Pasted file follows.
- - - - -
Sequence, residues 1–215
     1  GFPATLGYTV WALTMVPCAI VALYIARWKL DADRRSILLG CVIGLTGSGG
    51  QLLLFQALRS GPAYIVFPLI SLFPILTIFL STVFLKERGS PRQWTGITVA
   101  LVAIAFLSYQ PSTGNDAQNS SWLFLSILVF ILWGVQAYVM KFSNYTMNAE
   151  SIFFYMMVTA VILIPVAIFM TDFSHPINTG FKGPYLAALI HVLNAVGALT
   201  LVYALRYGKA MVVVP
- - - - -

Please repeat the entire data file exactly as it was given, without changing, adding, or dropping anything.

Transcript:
Sequence, residues 1–215
     1  GFPATLGYTV WALTMVPCAI VALYIARWKL DADRRSILLG CVIGLTGSGG
    51  QLLLFQALRS GPAYIVFPLI SLFPILTIFL STVFLKERGS PRQWTGITVA
   101  LVAIAFLSYQ PSTGNDAQNS SWLFLSILVF ILWGVQAYVM KFSNYTMNAE
   151  SIFFYMMVTA VILIPVAIFM TDFSHPINTG FKGPYLAALI HVLNAVGALT
   201  LVYALRYGKA MVVVP